The proposed solar park development will involve the installation of ground mounted photovoltaic panels with associated infrastructure to generate up to 18.7MW of renewable energy which will feed directly into the local electricity grid network, and positively contribute towards national energy targets, in particular the Government’s target of achieving net-zero greenhouse gas emissions by 2045.
This pioneering and innovative project would be the first ground-mounted solar farm within Glasgow City Council. The proposed Caledonian Solar Park would provide a significant environmental benefit by generating a large amount of clean, renewable, zero carbon electricity within the Council’s boundary and to feed into the local electricity network.
- The solar panels themselves will occupy approximately one third of the development site, allowing for space to prevent shading;
- Panels will be fixed to mounting frames, and arranged in rows facing south. The development will be low-lying. The mounting structure will rise 1m from the ground at the lowest edge (south elevation) to approximately 3m from the ground at the highest point (northern elevation).
- Other components of the development include inverters, perimeter fencing, access tracks and two small substations
- Appropriate buffers have been incorporated into the proposed layout. This includes a generous buffer of 45m between the proposed PV panels and the boundary of the Possil Marsh SSSI to the south.
- The site can remain in agricultural use and can be used for grazing purposes whilst the solar park is operational.
- The site can accommodate a total of 60,000 – 75,000 solar panels. The output of the proposal would be up to 18.4MW. The number of panels proposed and the generation output will be informed through the ongoing design development process, with input from the technical team.
- Planning permission would be sought for a period of 25 years from the date of commissioning. After this period, the solar park would be removed and land returned to purely agricultural use, or further planning permission sought for an extended period of use as a Solar Park.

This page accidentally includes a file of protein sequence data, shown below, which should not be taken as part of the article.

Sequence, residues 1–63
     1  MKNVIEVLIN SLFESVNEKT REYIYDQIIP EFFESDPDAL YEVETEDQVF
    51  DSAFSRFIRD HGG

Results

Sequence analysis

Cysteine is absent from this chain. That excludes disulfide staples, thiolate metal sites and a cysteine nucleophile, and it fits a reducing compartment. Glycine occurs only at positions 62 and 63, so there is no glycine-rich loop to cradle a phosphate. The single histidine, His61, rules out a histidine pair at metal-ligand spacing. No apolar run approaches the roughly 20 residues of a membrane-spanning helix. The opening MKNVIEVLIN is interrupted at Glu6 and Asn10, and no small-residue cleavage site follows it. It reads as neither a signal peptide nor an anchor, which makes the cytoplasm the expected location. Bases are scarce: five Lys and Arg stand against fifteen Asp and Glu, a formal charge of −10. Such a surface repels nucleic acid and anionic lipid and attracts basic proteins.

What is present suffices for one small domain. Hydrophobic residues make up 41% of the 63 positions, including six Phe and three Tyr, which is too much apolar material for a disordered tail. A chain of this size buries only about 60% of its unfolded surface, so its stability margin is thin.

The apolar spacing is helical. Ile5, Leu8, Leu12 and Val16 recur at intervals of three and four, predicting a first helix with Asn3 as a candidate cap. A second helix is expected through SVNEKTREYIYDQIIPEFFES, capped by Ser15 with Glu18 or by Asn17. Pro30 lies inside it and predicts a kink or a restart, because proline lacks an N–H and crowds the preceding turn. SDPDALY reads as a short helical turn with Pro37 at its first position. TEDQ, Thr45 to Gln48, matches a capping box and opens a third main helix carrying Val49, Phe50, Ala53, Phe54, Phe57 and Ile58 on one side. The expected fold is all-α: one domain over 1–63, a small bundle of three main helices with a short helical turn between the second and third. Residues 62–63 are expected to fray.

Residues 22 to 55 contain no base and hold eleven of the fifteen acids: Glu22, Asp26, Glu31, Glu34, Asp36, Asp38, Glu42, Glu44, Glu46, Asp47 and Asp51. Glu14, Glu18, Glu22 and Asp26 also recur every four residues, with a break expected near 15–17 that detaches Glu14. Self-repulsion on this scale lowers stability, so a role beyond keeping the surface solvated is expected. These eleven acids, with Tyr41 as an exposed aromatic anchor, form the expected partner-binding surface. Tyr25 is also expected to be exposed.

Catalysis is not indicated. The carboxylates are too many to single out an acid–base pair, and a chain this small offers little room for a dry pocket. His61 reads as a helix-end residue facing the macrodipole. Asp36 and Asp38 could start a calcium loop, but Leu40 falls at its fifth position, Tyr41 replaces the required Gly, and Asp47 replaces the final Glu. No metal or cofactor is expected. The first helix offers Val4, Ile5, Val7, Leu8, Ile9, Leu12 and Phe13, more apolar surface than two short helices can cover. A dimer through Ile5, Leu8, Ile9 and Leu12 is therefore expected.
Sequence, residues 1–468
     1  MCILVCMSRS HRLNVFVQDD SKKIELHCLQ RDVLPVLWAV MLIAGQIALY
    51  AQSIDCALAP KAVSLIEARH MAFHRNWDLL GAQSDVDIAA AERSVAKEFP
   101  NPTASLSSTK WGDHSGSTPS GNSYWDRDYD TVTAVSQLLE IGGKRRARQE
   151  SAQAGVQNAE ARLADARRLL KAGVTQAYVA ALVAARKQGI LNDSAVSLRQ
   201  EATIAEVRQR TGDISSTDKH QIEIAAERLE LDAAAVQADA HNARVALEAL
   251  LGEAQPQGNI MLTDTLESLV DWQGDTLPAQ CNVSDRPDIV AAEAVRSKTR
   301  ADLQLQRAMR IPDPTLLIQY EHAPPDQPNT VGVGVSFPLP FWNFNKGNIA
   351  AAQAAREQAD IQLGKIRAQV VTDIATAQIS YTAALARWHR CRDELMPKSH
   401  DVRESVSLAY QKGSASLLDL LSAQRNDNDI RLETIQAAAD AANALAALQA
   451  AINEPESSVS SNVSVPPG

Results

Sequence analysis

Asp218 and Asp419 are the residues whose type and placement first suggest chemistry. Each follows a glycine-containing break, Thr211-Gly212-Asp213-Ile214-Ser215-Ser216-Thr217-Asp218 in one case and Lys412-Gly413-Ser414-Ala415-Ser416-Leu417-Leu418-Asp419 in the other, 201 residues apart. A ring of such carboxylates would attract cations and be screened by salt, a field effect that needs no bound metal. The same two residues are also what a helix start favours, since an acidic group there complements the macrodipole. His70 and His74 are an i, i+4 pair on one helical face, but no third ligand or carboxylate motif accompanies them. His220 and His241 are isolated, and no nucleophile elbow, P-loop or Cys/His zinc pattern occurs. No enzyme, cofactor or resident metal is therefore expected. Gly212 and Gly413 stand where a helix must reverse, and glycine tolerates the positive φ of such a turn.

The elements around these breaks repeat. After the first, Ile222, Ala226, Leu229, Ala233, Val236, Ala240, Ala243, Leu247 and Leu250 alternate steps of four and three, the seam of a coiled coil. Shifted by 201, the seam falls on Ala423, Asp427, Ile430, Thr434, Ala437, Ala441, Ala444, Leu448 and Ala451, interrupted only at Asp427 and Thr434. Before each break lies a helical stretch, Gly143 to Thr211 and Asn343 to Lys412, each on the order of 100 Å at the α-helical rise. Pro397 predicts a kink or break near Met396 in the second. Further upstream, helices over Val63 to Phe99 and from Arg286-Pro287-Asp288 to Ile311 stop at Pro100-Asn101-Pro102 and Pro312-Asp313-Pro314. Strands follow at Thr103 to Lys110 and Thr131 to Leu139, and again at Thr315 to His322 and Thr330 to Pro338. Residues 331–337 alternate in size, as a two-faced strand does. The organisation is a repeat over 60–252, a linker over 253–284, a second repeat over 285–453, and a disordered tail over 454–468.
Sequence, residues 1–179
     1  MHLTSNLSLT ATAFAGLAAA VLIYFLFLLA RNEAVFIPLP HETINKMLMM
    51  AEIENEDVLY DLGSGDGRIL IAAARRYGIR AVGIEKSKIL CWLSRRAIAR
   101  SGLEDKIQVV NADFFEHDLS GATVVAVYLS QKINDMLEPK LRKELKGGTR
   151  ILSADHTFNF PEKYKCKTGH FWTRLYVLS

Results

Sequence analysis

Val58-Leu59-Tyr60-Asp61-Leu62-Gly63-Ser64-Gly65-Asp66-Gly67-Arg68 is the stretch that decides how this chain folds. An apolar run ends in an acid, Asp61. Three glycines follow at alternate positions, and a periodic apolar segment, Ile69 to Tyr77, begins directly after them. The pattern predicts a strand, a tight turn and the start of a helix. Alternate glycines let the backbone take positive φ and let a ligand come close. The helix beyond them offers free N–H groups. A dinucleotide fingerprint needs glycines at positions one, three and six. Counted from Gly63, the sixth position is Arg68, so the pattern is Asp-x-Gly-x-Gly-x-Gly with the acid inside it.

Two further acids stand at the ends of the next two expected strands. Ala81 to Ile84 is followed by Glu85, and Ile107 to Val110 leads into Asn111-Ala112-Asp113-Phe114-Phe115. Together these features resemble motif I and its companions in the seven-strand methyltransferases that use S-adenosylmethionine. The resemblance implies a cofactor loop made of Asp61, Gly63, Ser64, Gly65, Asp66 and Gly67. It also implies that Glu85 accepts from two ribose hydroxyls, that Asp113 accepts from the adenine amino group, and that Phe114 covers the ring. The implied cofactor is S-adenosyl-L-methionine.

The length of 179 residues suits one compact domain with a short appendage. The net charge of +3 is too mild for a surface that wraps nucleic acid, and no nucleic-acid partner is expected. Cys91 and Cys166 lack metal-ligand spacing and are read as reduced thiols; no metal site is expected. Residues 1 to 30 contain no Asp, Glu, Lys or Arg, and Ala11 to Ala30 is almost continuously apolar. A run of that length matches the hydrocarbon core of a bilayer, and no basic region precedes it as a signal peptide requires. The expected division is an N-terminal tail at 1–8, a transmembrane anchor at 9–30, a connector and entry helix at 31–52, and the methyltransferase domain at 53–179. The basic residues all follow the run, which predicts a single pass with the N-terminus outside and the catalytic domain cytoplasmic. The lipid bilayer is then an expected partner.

How long will construction take?
Construction of the proposed development would take approximately 6 months. During this time, construction vehicles and deliveries would be visiting the site. Thereafter, during the operational phase, there would be very limited vehicular movements associated with the proposed development. Approximately one vehicle trip per week would be made relating to maintenance of the propose solar farm.
What will the development look like and will it be noisy?
The photos on this website show example solar park developments. This site has been selected because it is relatively well screened from nearby viewpoints. Solar parks are becoming common features in the countryside as the country works to increase our renewable energy generation. Solar parks are quiet and passive systems which do not have moving parts or create significant air quality issues or noise or vibration in operation.
The planning application will be accompanied by an Environmental Impact Assessment and supporting technical reports which will include: Landscape and Visual Impact Assessment, Transport and Accessibility, Heritage, Archaeology, Ecology, Socio-Economics, Climate Change, Flood Risk and Hydro-Geology, Glint and Glare and Noise. These assessments will assess the environmental impact of the proposed development and recommend mitigation measures where necessary.